Angels' Shohei Ohtani Can Throw 102 MPH and Crush 500-foot Home Runs

Reading of Ohtani's exploits in Japan makes him sound like a folk hero, yet we have proof his insane athleticism is very real.

Any time a Japanese superstar comes to the MLB, it's accompanied by deafening hype.

There was Ichiro, the wiry slap-hitting spark plug who debuted as a 27-year-old with the Seattle Mariners and became one of just two players in league history to win both Rookie of the Year and MVP in the same season. Hideki Matsui, a power-hitting outfielder nicknamed "Godzilla", came over shortly thereafter and was an immediate All-Star. In 2012, the Texas Rangers deemed 6-foot-5 power pitcher Yu Darvish worthy of an $111 million commitment which quickly proved to be a bargain.

The speculation surrounding the talent of Shohei Ohtani might dwarf them all.

Ohtani, a 23-year-old pitcher and outfielder, was recently signed by the Los Angeles Angels for a contract The Atlantic argues could make him "the most underpaid man in the world." Due to the MLB's Collective Bargaining Agreement, an incoming international player under the age of 25 can only sign for the league minimum salary. Without those restrictions, experts estimate his deal could've been close to $300 million. For comparison, the entire Los Angeles Angels payroll was about $176 million in 2017. Why is Ohtani worth so much?

Quite simply, he can throw a 102-mph fastball and hit 500-foot home runs. This has earned the 6-foot-3, 189-pound Ohtani the nickname "the Japanese Babe Ruth," as the Great Bambino is really the only precedent for what Ohtani could become in the MLB should he reach his full potential. "I've seen players hit a ball 500 feet and players throw a ball 100 mph," Mariners GM Jerry Dipoto said on his podcast. "I've just never seen one do both."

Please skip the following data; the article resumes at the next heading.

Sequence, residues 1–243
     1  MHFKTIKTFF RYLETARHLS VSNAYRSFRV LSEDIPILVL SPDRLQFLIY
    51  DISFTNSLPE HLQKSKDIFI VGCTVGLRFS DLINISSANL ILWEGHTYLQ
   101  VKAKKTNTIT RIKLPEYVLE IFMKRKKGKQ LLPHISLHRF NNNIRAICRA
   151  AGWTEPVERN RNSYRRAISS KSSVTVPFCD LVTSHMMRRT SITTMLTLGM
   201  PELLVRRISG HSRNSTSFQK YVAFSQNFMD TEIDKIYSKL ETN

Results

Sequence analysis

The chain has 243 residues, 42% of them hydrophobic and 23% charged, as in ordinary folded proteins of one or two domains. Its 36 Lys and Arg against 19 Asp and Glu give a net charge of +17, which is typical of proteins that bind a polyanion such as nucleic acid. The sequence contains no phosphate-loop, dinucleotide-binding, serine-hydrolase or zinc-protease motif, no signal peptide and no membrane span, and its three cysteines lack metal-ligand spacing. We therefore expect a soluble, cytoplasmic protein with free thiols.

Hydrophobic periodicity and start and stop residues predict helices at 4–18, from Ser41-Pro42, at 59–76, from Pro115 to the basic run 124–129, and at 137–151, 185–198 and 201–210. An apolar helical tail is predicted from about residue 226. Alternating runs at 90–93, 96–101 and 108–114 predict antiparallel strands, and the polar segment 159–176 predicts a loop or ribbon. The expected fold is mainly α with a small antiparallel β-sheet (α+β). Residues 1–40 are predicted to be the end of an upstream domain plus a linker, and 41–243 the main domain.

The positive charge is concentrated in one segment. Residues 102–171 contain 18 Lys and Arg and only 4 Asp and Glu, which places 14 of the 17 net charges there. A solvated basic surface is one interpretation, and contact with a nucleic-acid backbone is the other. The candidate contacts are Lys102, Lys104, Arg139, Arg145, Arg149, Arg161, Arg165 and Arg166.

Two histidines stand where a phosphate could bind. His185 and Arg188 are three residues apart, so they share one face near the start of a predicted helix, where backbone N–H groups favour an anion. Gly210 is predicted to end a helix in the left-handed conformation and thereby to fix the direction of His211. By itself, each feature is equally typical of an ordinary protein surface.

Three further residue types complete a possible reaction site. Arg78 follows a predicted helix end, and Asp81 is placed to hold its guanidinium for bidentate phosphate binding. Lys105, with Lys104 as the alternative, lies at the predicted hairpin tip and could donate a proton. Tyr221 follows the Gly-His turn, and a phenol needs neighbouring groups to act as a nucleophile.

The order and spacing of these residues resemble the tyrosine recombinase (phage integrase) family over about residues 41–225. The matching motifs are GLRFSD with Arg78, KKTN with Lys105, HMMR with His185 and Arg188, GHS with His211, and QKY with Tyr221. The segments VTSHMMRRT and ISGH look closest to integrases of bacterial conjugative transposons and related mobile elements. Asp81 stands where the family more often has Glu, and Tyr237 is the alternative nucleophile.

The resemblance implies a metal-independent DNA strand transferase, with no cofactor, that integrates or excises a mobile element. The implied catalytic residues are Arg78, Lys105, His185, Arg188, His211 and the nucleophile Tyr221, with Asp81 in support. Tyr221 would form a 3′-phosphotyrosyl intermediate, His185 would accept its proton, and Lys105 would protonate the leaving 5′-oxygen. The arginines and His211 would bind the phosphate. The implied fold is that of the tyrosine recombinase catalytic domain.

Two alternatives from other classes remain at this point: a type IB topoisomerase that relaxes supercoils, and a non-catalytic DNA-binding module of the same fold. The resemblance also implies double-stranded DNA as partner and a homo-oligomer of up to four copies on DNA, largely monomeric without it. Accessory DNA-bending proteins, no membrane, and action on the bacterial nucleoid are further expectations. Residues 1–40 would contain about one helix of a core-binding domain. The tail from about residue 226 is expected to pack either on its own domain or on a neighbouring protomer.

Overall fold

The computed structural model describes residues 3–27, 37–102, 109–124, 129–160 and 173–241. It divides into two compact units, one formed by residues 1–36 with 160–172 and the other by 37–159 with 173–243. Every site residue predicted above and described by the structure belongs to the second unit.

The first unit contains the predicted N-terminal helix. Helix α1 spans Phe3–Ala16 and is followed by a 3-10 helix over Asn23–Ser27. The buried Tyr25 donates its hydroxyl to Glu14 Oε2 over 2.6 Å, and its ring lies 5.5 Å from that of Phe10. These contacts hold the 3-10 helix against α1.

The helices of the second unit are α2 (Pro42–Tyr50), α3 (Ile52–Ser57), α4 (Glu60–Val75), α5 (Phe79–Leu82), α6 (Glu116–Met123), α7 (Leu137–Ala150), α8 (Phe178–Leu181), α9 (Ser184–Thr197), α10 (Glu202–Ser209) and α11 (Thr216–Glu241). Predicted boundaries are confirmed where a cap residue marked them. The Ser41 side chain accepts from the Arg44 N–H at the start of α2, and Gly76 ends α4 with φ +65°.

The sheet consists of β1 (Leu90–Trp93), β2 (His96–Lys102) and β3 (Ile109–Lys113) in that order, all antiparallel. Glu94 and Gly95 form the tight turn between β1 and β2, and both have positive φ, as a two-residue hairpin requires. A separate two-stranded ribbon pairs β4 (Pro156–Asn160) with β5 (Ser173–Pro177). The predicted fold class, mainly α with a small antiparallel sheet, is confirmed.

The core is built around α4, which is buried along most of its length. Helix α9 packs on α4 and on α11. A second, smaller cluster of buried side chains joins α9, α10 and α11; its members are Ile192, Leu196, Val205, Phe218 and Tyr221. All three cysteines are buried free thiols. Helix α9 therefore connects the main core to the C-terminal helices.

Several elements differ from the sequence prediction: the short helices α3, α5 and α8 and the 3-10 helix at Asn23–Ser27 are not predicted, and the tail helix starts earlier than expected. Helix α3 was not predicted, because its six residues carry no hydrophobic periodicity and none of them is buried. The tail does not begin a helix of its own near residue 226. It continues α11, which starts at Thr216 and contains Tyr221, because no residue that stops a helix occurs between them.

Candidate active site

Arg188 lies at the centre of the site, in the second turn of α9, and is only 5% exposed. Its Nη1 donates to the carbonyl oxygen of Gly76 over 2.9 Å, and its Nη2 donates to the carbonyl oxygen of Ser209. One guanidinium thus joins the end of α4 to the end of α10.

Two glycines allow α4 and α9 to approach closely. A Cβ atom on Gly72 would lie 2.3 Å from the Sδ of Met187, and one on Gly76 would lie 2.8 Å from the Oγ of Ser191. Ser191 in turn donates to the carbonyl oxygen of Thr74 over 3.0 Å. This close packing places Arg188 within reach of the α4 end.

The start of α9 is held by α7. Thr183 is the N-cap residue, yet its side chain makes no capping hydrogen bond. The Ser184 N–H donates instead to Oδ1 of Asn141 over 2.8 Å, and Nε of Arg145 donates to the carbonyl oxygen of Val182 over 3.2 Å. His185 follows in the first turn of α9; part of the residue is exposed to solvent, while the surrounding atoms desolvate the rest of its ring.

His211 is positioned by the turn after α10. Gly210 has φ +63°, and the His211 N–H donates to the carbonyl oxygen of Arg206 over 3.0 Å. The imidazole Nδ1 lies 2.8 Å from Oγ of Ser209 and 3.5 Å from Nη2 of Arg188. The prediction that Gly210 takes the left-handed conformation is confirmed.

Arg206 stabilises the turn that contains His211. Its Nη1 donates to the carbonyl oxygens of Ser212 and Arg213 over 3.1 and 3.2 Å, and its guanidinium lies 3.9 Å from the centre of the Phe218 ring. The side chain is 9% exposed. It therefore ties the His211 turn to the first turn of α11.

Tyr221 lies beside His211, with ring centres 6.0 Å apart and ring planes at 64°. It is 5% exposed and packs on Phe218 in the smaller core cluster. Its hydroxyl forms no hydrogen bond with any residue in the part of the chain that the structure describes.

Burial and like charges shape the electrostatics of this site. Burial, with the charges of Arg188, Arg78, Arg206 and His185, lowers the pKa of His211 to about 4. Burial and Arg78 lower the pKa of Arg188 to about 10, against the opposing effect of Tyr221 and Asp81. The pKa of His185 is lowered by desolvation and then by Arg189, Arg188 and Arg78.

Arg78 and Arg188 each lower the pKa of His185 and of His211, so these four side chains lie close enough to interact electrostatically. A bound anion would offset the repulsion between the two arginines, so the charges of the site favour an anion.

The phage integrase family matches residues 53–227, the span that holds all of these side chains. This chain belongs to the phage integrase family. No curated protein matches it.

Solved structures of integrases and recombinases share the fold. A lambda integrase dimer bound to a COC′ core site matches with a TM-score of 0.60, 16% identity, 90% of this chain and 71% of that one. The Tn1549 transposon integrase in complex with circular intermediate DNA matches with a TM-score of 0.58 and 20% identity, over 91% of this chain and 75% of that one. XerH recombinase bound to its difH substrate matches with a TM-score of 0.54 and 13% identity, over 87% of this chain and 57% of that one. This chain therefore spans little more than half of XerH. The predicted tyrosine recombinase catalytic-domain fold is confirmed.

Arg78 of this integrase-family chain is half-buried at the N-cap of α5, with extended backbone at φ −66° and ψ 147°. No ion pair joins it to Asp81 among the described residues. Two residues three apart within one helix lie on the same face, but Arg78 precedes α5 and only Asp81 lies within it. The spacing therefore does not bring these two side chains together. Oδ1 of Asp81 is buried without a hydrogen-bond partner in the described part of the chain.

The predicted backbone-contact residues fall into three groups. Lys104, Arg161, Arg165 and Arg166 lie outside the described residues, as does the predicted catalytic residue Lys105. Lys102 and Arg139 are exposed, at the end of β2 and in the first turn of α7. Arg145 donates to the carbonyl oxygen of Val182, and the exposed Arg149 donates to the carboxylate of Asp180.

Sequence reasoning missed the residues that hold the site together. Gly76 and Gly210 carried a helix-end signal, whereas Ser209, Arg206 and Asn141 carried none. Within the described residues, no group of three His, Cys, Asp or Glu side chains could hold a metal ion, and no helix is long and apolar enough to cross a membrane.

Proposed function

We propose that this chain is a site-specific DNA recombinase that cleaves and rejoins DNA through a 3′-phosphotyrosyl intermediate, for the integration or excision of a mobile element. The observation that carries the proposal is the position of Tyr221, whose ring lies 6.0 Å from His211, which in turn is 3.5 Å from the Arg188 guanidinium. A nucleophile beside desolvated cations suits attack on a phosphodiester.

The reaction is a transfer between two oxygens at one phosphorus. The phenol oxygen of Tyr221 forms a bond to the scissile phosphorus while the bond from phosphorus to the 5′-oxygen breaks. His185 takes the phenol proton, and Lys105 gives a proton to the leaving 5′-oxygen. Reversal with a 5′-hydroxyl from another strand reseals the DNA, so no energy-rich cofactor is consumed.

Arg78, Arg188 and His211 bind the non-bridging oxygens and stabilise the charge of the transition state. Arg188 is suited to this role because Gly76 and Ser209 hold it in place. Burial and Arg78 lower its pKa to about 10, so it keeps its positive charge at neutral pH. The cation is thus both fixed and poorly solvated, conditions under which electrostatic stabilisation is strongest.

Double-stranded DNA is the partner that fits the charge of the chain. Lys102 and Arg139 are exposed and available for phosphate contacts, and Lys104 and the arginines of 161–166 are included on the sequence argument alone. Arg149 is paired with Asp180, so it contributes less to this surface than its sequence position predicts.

Let's start with Ohtani's explosive right arm. At Hanamaki Higashi High School, he threw 99 mph on several occasions. He debuted with the Hokkaido Nippon-Ham Fighters of the Nippon Professional Baseball league in 2013 and quickly established himself as a dominant pitcher. At the 2014 NPB All-Star Game, Ohtani threw a 101-mph pitch, setting a record for the fastest official pitch thrown by a Japanese pitcher. In 2015, he led the league in wins (15) while recording a 2.24 ERA and 196 strikeouts. He followed that up with a 2016 season that saw him record a minuscule 1.86 ERA and win Pacific League MVP honors. This was also when he unleashed the aforementioned 102.5 mph fastball, which set a new NPB record. He was limited by injuries in 2017, but his fastball still averaged 97.5 mph (only one MLB starting pitcher, Noah Syndergaard of the New York Mets, averaged a higher fastball velocity in 2017). Ohtani's current arsenal includes that blistering fastball, a devastating splitter and an effective slider. Several MLB scouts have said they remind him of a young Justin Verlander. Watch Ohtani K a bunch of MLB All-Stars in this game from 2014: